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NEW Jackson/taylor/denman - Shutter (Blu-ray)
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- Shutter (Unrated) [Blu-ray]
- Media: Blu-ray
- Item Quantity: 1
20th Century Shutter (Unrated) (Blu-ray)A young photographer and his girlfriend discover mysterious shadows in their photographs after a tragic accident. They soon learn that you can never escape the past as aghost continuously haunts them.
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Of course, the whole concept fits very well with the Grudge-like Japanese genre, and the Thai version was likely also inspired by that sub-genre of horror, so in the end that's beside the point. I just felt the need to question whether this is "just another J-Horror crossover".
Anyway, having lived in Japan for nearly a decade, I found this one hit very close to home and was authentic and believeable.
Compare to a show like Heroes that uses Japanese-Americans and Korean-Americans pretending to be Japanese with awful accents - or reading clocks with Kanji digits... well, let's just say it was nice to see some real Japanese actors who weren't playing to American stereotypes.
See, I knew more than a couple of American guys who dated Japanese women, and stories of the Japanese girlfriend who refused to say goodbye -- often bordering on the creepy stalkerish type -- were not rare.
Something about being a Gaijin and the way Japanese relationships are rarely as casual at their core makes the girlfriend who could not say goodbye story ring very true here.
I also knew a few less than wholesome American guys there with awful reputations, and the "ugly American" in this movie likewise hits the nail on the head.
These realistic, drawn-from-tales-of-experience background story elements make Shutter more than the typical watch the teens die one by one type of B flick, and made it very entertaining for me. I also found it to be more realistic than the Grudge remake because of their less than pretty take of the American guy in Japan.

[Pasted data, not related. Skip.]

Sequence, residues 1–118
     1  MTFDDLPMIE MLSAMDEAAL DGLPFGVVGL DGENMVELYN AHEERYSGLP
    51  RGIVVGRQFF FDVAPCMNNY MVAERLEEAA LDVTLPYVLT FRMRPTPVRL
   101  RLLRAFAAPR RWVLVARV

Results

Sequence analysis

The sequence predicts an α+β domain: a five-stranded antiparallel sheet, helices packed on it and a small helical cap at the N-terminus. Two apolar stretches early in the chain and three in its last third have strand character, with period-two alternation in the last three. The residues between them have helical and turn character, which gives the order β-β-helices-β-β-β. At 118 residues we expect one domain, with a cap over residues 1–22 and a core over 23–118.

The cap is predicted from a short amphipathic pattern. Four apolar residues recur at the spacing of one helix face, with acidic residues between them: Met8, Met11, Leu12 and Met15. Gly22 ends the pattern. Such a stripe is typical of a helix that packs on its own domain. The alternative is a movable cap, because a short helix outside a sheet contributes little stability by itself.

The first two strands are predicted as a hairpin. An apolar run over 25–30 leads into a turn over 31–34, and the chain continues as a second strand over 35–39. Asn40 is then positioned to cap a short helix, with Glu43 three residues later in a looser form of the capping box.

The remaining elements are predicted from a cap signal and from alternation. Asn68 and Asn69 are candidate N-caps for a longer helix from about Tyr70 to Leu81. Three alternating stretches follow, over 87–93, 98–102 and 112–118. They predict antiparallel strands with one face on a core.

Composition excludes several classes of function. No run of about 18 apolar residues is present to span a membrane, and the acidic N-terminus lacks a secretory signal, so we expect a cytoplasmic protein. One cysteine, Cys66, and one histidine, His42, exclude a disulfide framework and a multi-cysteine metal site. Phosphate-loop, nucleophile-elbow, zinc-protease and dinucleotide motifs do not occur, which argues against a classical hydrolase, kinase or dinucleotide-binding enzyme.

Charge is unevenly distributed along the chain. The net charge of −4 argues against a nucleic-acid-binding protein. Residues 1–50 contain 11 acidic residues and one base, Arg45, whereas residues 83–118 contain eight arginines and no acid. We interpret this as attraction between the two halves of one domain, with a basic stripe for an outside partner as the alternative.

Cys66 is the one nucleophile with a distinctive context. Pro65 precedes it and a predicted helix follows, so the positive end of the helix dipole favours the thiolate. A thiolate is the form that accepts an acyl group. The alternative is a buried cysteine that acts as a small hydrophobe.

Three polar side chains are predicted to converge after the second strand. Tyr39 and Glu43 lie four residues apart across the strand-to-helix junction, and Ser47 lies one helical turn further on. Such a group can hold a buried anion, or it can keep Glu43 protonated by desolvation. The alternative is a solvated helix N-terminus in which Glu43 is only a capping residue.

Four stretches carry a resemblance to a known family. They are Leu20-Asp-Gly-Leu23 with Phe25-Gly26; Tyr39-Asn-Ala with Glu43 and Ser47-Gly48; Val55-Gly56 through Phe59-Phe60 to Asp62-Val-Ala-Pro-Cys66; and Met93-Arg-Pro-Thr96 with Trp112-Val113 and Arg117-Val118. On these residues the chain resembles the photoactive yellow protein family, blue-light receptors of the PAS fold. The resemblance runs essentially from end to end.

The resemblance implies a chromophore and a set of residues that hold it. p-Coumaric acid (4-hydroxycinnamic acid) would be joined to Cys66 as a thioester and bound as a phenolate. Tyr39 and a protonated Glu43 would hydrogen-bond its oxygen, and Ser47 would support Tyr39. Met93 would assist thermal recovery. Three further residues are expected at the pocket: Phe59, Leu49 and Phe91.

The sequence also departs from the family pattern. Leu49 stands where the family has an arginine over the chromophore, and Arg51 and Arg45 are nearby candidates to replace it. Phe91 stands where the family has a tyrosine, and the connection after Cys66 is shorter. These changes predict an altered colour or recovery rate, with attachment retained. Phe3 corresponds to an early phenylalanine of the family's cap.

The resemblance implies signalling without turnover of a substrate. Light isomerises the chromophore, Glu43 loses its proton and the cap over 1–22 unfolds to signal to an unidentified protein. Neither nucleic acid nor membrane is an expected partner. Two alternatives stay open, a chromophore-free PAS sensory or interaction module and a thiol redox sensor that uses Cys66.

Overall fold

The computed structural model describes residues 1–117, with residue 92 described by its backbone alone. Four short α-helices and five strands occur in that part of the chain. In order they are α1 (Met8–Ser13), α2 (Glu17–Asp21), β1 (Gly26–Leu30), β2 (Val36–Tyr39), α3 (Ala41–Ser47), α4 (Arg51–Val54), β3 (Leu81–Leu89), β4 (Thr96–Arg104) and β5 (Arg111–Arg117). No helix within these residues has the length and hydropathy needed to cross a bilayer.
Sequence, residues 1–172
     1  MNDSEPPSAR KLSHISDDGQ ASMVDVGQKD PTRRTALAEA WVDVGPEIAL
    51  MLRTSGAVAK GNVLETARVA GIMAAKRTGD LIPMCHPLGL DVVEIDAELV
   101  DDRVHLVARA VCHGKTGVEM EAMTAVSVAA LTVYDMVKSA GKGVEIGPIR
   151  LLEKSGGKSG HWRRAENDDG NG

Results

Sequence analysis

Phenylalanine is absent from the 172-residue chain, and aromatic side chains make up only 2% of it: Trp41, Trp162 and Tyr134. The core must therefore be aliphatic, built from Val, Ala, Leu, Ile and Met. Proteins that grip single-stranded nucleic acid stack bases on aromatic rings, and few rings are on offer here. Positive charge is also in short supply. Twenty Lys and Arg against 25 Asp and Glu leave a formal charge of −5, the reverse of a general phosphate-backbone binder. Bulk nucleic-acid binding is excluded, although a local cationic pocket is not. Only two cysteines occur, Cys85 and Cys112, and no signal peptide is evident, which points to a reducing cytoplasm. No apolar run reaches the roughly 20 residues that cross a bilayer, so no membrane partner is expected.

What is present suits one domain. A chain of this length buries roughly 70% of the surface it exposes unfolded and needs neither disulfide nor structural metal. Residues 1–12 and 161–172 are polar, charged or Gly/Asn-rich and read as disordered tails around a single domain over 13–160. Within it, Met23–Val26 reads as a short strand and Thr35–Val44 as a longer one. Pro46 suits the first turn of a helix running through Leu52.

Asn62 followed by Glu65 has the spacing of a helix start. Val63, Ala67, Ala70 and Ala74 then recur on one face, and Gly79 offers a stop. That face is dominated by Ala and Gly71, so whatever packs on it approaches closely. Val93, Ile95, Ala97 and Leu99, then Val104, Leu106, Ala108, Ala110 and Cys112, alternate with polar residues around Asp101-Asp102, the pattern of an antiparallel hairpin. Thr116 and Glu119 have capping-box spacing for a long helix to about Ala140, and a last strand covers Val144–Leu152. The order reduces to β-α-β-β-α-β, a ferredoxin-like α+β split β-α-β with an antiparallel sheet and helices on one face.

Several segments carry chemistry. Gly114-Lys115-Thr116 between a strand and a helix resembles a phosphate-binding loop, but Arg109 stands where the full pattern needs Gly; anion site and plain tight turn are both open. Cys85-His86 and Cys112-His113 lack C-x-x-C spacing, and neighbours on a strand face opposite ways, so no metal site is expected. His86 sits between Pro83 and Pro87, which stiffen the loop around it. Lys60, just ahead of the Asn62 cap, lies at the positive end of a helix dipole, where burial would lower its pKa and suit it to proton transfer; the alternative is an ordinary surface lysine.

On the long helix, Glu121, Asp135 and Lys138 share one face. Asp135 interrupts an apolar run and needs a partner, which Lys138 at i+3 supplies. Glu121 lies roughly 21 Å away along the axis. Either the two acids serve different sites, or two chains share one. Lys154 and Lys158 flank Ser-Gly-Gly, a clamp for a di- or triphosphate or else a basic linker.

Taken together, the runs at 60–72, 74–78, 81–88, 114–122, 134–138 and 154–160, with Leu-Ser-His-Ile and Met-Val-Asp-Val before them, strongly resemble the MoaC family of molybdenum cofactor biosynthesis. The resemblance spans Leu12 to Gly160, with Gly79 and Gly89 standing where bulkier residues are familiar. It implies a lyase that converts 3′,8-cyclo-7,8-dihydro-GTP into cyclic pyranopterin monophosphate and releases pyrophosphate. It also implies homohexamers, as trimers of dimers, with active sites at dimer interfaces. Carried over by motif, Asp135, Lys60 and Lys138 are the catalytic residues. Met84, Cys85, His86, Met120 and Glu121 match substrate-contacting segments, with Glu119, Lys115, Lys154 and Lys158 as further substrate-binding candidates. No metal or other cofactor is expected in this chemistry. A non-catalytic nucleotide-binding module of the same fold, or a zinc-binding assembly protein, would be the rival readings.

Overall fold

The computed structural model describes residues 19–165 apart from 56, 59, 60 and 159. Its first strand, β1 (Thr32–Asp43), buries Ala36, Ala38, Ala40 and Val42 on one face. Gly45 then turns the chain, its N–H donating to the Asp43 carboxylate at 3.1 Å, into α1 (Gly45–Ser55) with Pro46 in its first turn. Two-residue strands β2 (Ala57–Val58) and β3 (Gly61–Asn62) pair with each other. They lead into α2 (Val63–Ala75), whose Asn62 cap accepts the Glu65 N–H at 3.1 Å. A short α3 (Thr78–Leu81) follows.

If you are a guy (or girl) who lived in Japan for a while, you'll enjoy the authentic feel of this one. If not, it may just be "another J-horror crossover" to you.
It's a buy for me!
The Camera of a New York native photographer who is now working in Japan starts to capture the image of the "ghost". The wife is the prime vehicle for seeing the ghosts, and as stated in many of the DVD features ( Commentary etc) the Wife is the way the audience is supposed to see the events and experience the Japanese culture. As I have stated in other reviews, the unrated version has again proven itself to be the de-facto gold standard, since this is a gem of a scare, which supposedly differs from the cinematic piece. It is really not clear if this is the case, and it is just a subjective judgement, but the film seems to suffer to some degree from a non-english speaking Director, especially in the dialogue scenes, but it is clear from the Features that he brings a wealth of spooky experience to the non-verbal material, and it is why this material stands out so very well. It is to this end that the latter part of the film ( past 45 minutes) starts to pick up speed from non-verbal material and where the Director has taken some scenes from the original.
Great Commentary. Works superbly well... not exactly entertaining, but it is extremely informative. The features are genuinely good, and at points intensely spooky.Its not the Ring, but its extremely good.